Evolution of my learning methods, part #2
This is part #2 of my opinionated series about different levels of awareness of the learning process and its effectiveness.
- Part 1 - levels 0 to 3 - was focused on motivation and habits, our drivers and the topic of discipline;
- Part 2 (this one) - levels 4 to 6 - is focused on deliberate practice, just-in-time vs learning just-in-case as well as quality resources of knowledge, including newsletters;
- Part 3 - levels 7 to 10 - will be focused on an increase in retention, or how can we increase knowledge stickiness, covering topics of making notes and repetition;
If you didn't read Part 1, I highly recommend it, because this post is a continuation of the previous thought process.
Last time I established that awareness, good habits, self-motivation and discipline are in my understanding a base, a fundament that you can further build upon. But what exactly can you build? Let's find out... 😉
Level 4 - Quality resource selection
It's interesting how much time we are willing to spend on materials, channels, blogs, books or courses which don't bring us much value. It's obviously not something that we do on purpose - it wouldn't make sense. Instead, we too often just fall victim to the sunken cost fallacy or fear of missing out.
Instead, we should cultivate a different behaviour. Arnold said in one of his talks, that we usually end up with only 6 hours left each day. Oh boy, and he didn't even take into account home chores and quality time to spend with your family... what I'm trying to say is this: in the days when there is more content than we can consume, and the amount of free time is so small, we should carefully prioritise where our time goes.
Rules that I try to follow, to get better at it:
- Minimise time on finding good content;
- Minimise time on accidentally consuming bad content;
In my case that means, that I do the following:
- Instead of actively browsing reddit, blogs, youtube channels or other multiple sources of knowledge, I focus more on aggregator newsletters. As a result, someone else does the hard work of selecting quality materials for me.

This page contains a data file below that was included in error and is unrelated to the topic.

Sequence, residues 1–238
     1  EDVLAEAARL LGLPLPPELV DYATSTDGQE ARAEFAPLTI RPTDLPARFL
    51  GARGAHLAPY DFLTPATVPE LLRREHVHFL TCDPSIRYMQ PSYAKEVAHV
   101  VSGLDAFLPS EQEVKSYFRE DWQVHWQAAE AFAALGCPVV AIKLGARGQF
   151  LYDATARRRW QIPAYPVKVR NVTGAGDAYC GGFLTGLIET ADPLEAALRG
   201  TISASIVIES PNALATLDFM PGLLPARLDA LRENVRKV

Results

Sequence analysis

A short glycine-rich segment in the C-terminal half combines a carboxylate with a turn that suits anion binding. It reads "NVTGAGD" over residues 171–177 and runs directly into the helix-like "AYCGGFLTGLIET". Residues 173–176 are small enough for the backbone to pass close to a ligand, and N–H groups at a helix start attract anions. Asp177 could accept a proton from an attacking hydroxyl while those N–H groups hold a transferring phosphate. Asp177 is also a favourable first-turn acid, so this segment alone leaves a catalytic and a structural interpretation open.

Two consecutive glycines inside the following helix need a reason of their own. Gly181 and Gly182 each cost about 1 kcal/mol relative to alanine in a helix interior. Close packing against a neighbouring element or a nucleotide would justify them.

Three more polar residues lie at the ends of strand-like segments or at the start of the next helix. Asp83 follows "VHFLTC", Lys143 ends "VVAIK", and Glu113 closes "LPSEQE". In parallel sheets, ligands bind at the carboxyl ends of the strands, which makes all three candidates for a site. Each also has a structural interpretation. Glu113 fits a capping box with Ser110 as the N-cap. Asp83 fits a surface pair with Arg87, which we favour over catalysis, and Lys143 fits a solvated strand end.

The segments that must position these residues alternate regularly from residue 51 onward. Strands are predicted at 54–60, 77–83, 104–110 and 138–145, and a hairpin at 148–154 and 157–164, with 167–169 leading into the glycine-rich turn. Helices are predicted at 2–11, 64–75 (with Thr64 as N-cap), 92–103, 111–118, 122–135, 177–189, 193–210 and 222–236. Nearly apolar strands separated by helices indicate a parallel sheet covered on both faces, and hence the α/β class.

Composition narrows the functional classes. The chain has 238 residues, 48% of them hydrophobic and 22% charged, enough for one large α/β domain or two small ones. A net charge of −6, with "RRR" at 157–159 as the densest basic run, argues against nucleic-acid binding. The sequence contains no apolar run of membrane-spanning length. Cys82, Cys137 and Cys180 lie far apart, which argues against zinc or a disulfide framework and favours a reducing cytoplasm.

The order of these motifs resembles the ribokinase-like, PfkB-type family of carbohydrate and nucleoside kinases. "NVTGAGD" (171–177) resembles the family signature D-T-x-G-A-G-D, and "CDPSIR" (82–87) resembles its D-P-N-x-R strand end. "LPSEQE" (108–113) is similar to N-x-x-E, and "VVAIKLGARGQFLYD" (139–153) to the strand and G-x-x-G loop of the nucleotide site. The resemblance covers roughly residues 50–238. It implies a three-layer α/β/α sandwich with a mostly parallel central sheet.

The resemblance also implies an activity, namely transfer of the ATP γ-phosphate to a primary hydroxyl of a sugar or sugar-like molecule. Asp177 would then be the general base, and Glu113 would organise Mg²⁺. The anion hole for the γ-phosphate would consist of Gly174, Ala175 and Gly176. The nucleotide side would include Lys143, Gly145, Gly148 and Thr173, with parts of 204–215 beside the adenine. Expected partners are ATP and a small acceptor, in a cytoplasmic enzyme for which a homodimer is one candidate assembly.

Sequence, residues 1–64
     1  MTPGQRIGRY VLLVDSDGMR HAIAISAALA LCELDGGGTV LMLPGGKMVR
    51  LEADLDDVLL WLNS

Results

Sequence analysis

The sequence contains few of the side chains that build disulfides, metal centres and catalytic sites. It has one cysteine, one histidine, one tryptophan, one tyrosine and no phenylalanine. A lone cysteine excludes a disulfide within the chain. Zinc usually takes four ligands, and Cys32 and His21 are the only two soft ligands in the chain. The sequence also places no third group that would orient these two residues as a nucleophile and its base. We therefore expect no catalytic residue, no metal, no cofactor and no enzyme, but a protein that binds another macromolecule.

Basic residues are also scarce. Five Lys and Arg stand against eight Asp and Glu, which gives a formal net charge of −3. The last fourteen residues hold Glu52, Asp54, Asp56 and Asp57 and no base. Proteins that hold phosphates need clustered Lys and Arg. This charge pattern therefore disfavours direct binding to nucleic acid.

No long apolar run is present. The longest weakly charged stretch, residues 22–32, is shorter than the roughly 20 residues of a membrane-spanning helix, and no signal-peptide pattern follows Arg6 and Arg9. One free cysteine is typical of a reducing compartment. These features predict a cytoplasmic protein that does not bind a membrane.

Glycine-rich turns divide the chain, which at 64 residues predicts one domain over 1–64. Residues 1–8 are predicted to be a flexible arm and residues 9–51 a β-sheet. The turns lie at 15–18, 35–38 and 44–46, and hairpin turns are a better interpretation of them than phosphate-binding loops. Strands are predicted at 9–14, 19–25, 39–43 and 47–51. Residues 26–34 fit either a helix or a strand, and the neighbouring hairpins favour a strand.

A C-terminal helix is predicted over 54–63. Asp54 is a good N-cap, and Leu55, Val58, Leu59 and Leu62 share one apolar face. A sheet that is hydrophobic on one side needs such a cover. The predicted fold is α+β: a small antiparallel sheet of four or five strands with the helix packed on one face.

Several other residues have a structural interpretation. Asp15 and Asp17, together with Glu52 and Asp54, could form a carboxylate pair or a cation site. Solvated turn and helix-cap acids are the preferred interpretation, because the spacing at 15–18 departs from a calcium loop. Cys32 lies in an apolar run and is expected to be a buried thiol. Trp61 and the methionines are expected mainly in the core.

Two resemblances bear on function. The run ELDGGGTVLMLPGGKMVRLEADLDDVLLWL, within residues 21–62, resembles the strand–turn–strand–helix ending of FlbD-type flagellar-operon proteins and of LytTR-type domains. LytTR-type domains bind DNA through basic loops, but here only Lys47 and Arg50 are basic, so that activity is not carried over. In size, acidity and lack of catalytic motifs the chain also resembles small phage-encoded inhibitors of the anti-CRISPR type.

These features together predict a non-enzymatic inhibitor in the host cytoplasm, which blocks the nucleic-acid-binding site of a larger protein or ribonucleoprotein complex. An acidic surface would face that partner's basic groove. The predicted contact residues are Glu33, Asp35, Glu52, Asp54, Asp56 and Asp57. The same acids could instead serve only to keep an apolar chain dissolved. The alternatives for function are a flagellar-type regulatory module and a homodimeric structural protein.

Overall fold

• Interesting aspect: if something is really viral and I should know about it, more often than not it will show up in more than one of such aggregators.
• That way I also discover plenty of great authors that I normally wouldn't find. If the content is really good I sometimes subscribe to them directly - to be notified about future content or get back to their past content just in case. I also feel it's good to let them know that I like the content.
• Want to know my list? It's here.
- Every couple of months I take a look at all newsletters that I subscribe and I remove the ones that I don't read often.
- I do the same with youtube channels, slack or reddit communities and anything else which notifies me of content.
- Instead of reading random books or watching random content, I keep a list of things I want to read or watch - Additionally, I take a look at reviews, and grades and if people who I respect recommended any of these. I prioritise that list based on my needs and curiosity. I use Notion for that.
- Of course, I sometimes fail, we are all humans... 😃
Up to this point, that may seem like a lot of hassle but in reality gathering content is easy since it's mostly coming to us automatically. That creates another, potential trap - FOMO. Let's talk about that.
Level 5 - JiT vs JiC learning
Once you are being spammed by all of these quality materials from multiple directions, two bad things may happen:
- Despite your taking an effort to shorten your list to only good content, the list is growing faster than you can consume it. You start to feel FOMO - this terrible feeling of guilt that you didn't read/seen all of it... what did you miss? Source of anxiety.
- You don't have full control over the topics which come in, in terms of newsletters or other subscriptions, and you may find yourself spending hours on learning interesting topics, but not necessarily the most important ones for you right now. As a result, you start to invest a majority of your learning time into "Just in Case" (JiC) topics - content that may be useful for you one day. Have you heard about premature optimization? Similar stuff.